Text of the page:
It’s no longer just about winning. It’s about a fight for survival.If you’ve ever played a videogame that has given you the urge to throw your controller through your T.V. screen with rage, then beware: MotorStorm: Apocalypse has the power to turn that compulsion into reality. However, it’s testament to its exhilarating gameplay that no matter how frustrated you get with crashing your vehicle – and you will, a lot - you’ll still be compelled to keep coming back for more. The third exclusive PlayStation 3 entry in Sony’s off-road racing series may well be the most frustrating and chaotic game in the series thus far, but speeding around the tracks at such a frightening pace – not to mention having to react so swiftly and intuitively to how the unfolding apocalypse creates such unpredictable mayhem all around you - is quite a feast for the senses. Indeed, it’s this unforeseeable madness, coupled with some bonkers level design, which makes MotorStorm: Apocalypse so different to any arcade racing game you’ll ever play.
Evolution Studios has tweaked and built upon the framework of previous MotorStorm games to deliver an arcade racer full of thrills and spills, but one that feels quite different from its predecessor. The main change is the setting. Gone are the natural environments from MotorStorm: Pacific Rift and in their place is an equally alluring and stunningly designed urban location that deteriorates and breaks up as you hurtle around its crumbling roads. As the name suggests, MotorStorm: Apocalypse is set at a time when the world is on its knees. An apocalypse is nigh and nothing is going to stop nature from carving its path and ripping the fictional city to shreds. While earthquakes tear up the streets sending buildings toppling to the shattered earth, a tsunami crudely batters the coast-line and tears up everything in its path. These incredibly chaotic scenes are the perfect environment for the extreme racers, who queue up to take part in the MotorStorm Festival.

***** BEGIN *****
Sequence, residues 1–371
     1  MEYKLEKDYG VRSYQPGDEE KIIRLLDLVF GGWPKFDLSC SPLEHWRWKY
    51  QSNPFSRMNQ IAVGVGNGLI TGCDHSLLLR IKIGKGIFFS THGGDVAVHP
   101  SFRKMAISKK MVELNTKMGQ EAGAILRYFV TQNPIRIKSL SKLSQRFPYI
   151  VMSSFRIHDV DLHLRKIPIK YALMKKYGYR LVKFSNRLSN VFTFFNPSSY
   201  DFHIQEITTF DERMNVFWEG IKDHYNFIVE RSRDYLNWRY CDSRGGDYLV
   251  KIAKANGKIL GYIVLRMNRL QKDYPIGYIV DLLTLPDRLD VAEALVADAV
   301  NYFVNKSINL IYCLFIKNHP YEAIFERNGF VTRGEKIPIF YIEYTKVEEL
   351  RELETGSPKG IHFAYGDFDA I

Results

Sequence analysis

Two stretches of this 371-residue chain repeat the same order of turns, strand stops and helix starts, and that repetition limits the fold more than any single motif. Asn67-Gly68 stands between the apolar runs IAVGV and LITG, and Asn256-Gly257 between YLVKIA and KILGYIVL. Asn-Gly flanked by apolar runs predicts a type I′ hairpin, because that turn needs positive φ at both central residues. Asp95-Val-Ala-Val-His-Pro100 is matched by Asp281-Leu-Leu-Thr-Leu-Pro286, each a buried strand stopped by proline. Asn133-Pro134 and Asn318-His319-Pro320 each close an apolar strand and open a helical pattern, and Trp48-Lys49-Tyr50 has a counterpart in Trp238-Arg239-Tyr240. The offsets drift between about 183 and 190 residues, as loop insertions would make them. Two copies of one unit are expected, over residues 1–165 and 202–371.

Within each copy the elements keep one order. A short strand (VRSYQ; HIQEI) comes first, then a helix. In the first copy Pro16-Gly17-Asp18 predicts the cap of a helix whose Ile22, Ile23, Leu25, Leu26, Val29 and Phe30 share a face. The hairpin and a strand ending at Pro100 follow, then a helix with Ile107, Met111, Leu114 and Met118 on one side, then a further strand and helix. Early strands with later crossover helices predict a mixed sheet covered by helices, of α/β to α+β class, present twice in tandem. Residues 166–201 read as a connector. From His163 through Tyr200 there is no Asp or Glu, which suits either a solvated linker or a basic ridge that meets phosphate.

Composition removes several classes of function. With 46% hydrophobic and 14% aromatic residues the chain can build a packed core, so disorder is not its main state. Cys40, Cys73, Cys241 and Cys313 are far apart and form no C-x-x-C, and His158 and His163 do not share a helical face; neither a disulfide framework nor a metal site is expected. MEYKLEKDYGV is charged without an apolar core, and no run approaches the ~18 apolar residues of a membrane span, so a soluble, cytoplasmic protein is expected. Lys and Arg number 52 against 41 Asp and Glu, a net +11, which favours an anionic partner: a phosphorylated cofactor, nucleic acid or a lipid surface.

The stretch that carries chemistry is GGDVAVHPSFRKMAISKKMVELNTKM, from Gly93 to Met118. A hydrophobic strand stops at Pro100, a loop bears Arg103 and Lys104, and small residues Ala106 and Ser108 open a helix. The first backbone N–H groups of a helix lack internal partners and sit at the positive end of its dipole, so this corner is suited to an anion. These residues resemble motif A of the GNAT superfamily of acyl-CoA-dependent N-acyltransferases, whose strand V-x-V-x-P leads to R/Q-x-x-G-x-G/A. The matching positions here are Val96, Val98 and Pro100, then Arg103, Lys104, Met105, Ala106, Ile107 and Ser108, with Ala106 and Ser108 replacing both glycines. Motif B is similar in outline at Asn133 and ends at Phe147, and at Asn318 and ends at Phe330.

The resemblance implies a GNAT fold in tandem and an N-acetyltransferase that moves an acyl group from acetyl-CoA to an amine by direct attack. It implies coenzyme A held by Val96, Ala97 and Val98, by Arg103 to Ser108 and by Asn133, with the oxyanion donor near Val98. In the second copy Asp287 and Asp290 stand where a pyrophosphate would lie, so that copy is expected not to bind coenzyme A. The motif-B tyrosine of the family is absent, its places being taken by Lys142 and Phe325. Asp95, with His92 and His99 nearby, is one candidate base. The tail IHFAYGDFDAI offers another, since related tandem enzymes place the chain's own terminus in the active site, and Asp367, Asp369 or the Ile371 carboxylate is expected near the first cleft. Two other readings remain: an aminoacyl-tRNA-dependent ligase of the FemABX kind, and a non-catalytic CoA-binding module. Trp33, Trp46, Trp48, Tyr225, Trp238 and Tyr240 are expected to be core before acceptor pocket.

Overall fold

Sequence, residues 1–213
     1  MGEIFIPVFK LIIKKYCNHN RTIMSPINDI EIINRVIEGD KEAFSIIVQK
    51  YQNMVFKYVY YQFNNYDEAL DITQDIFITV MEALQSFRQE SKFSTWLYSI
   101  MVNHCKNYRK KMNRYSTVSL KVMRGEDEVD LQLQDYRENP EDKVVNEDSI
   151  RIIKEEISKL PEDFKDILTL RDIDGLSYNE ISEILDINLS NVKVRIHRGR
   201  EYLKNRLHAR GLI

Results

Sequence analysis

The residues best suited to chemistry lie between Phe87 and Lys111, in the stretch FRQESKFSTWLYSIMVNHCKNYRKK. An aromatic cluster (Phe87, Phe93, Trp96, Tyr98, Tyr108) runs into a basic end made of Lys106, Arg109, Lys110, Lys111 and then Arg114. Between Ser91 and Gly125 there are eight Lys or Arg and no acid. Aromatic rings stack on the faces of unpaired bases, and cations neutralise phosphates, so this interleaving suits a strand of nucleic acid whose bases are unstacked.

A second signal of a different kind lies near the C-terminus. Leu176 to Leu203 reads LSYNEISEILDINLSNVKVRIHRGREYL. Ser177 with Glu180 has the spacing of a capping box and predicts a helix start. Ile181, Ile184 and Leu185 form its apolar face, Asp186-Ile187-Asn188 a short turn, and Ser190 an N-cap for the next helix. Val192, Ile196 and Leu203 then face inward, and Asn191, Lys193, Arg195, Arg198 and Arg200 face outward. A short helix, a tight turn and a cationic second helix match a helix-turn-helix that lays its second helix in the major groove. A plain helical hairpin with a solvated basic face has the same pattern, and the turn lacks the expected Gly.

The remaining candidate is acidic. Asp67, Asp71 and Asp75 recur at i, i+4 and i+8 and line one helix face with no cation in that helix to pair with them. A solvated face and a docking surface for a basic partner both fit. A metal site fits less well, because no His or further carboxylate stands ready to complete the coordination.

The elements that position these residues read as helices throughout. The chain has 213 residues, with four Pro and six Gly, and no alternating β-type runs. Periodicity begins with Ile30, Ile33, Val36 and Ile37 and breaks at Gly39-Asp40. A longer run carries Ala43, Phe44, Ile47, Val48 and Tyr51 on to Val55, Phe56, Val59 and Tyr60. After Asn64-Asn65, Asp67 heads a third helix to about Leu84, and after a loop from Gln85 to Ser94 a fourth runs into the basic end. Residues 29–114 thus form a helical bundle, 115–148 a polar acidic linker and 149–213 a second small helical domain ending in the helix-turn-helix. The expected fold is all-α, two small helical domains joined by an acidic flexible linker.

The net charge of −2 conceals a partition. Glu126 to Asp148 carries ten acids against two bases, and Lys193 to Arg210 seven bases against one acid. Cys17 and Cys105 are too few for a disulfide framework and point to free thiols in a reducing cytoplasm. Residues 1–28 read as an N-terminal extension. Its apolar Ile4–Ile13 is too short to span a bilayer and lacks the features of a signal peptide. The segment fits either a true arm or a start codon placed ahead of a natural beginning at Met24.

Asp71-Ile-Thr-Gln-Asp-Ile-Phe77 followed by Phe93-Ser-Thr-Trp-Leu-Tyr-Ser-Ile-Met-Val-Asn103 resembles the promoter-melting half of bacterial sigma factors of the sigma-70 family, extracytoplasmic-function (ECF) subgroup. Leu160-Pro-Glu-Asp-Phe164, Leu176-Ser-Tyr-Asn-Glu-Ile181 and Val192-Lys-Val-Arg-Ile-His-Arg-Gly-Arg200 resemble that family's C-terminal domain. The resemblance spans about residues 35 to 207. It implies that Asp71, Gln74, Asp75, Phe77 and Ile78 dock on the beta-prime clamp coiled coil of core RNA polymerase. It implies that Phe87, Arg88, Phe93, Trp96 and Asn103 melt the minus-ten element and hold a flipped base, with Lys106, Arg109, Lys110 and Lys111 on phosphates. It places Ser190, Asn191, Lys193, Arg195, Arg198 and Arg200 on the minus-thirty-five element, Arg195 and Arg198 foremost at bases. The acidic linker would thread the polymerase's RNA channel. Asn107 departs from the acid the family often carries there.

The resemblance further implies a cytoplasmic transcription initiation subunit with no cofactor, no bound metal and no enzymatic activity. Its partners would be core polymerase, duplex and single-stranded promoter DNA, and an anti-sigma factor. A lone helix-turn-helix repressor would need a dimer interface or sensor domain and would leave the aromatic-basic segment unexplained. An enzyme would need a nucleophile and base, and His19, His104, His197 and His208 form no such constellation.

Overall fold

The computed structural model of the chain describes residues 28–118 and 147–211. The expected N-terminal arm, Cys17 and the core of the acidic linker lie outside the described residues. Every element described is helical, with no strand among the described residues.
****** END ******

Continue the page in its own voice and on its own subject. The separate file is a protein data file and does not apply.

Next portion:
It's an enticing premise that doesn’t really need elaborating on, but Evolution Studios has made the odd decision to add a storyline that runs parallel to the single player Festival mode, telling the tale of three thrill-seeking racers. The stylish cartoon-like scenes prior to each race make for a good excuse to split the campaign into three difficulty levels – namely, Rookie, Pro and Veteran - but largely it adds nothing to the game other than to give your hands and eyes a well-earned rest before you start off on another intense race. Nonetheless, it’s quite clever how the storyline crosses over into the gameplay. You learn early on that two factions are battling against each other while the world collapses around them - taking to the air in armed choppers and with guns onto the city streets to defend themselves. This does add another dimension to the gameplay, because not only do you have to watch out for bridges collapsing, tankers tumbling across the streets, and even an unhinged Ferris wheel spiralling out of control, but you also have to keep an eye out for cross-fire from these two warring factions. This combination of nature’s power and armed loonies makes for a series of thrilling races.